WE SEEN ENOUGH PENGUINS?
by Whit Gibbons
May 28, 2006
Here's a twist on an old joke: What's black and white and stars in movies?
The answer, of course, is a penguin, a flightless creature, that walks
like Charlie Chaplin in a tuxedo with shirt showing and no hat. With the
recent movies, videos, and advertisements involving these comical creatures,
some young people may think that in their natural habitat penguins move
in synchrony to snappy music, seek out cameras to peer at, and do whatever
else is necessary to look appealing.
I don't know
what has been presented about penguin ecology in the Hollywood hype, but
I assume some of the following will be new to most people. Everyone pretty
much knows that the quintessential penguin is a cold-natured creature
that lives in frigid saltwater habitats. These icons waddle about on Antarctic
ice floes, avoiding leopard seals, killer whales, and predatory birds
that will eat a penguin as fast as a penguin will eat calamari. But a
dozen and half species of these charming birds exist. And not all live
in cold climates; not all thrive on squid; and not all have to worry about
fearsome sea predators.
grown, some weigh less than 10 sticks of butter. Some eat krill, tiny
shrimplike crustaceans that are also eaten by whales. Two kinds of penguins--emperor
and king--lay one egg at a time and build no nest, whereas most of the
rest lay two or even three eggs. The male emperor penguin, the largest
species, weighing up to 90 pounds, incubates the egg, balancing it on
its feet for months while fasting during an Antarctic winter. Both sexes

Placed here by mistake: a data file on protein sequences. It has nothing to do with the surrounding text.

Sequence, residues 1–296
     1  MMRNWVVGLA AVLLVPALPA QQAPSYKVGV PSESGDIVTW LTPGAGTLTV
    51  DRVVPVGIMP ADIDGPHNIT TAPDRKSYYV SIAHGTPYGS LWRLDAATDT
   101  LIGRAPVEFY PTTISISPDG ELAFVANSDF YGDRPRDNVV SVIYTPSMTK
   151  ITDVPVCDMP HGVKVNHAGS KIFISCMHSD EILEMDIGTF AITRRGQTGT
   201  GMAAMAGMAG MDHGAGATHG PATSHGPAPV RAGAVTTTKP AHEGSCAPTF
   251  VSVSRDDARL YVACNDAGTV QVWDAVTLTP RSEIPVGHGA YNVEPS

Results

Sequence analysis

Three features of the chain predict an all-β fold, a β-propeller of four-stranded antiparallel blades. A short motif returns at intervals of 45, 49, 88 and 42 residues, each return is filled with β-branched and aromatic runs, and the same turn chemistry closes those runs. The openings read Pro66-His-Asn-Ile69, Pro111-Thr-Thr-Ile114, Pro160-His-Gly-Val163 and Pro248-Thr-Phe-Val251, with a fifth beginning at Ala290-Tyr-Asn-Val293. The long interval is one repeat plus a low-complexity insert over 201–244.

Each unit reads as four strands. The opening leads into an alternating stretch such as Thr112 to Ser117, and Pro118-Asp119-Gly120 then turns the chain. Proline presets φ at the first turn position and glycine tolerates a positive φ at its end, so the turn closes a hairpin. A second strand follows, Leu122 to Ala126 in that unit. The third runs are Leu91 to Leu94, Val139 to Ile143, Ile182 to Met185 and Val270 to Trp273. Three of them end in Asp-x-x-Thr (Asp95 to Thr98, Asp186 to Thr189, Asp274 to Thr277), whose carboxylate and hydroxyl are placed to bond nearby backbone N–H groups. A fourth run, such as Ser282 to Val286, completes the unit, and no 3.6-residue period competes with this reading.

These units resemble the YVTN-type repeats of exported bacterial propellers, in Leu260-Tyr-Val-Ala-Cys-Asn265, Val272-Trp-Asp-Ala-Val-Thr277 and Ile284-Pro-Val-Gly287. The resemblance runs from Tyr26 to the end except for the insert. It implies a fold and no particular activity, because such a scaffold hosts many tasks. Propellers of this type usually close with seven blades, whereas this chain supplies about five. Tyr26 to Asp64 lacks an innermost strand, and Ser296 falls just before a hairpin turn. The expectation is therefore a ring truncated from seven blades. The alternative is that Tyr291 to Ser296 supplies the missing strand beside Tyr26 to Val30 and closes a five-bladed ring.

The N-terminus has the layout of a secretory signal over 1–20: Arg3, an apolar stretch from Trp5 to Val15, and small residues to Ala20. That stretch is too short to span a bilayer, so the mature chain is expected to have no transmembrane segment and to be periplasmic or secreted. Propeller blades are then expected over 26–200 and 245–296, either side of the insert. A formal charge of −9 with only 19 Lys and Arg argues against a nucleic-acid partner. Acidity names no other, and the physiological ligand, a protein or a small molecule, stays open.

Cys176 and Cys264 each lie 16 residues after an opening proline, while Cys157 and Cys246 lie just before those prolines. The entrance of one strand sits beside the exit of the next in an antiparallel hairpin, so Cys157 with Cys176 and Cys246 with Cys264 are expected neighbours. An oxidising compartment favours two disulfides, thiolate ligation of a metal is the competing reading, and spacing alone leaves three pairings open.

of the other penguin species are involved in the incubation of the eggs,
mostly in association with nests. Penguins are found on the southern ends
of Australia, Africa, and South America, and live on land in burrows at
night. They take daily excursions into the ocean to forage. Their primary
natural predators on land are sea gulls.
penguins never worry about being eaten by polar bears is of course that
polar bears live at the North Pole and penguins have only made it as far
north as the Galapagos Islands, which are on the equator. The Galapagos
penguins are not only the northernmost ones but are among the smallest,
reaching a length (or would you say, height?) of less than 20 inches.
But these are brutes compared to the delicate little blue, or fairy, penguins
of southern Australia and New Zealand, which are only 14 inches tall,
being not much bigger than a half-gallon milk container. Fairy penguins
differ from the Antarctic penguins in being exposed in recent centuries
or even decades to a new suite of predators--foxes, dogs, and possibly
even cats and ferrets--that have been introduced to the terrestrial habitats
where the penguins spend their evening hours.
newfound fame as Hollywood stars, each penguin is a member of a species
that has a native region where it lives and a natural environment that
must exist for it to survive. Neither zoos nor Sunset Boulevard is the
penguin's natural habitat. Most of us probably take their ecological well
being for granted. But maybe we shouldn’t. If global climate change
is as serious a threat as many scientists say and is caused by carbon
dioxide emissions resulting from human overconsumption that could be regulated
by the ruling industrial nations, then we could be responsible for the
melting of polar icecaps and warming of the cool temperate regions where
penguins live. This will severely affect their ecology, and some will
disappear, forever. If some nation began to view penguin oil, meat, or
eggs as lucrative commodities, as did whalers and seal hunters of the
19th century, entire penguin species could be wiped out in months or years.
is always a plus, but it may not be enough to save the penguins, which
have specific environmental needs. As do all species. As the dominant
species on earth, we have a responsibility to protect the habitats and
well-being of the other creatures that share the planet with us. If we
don't, a century from now, the march of the penguins will be only a celluloid
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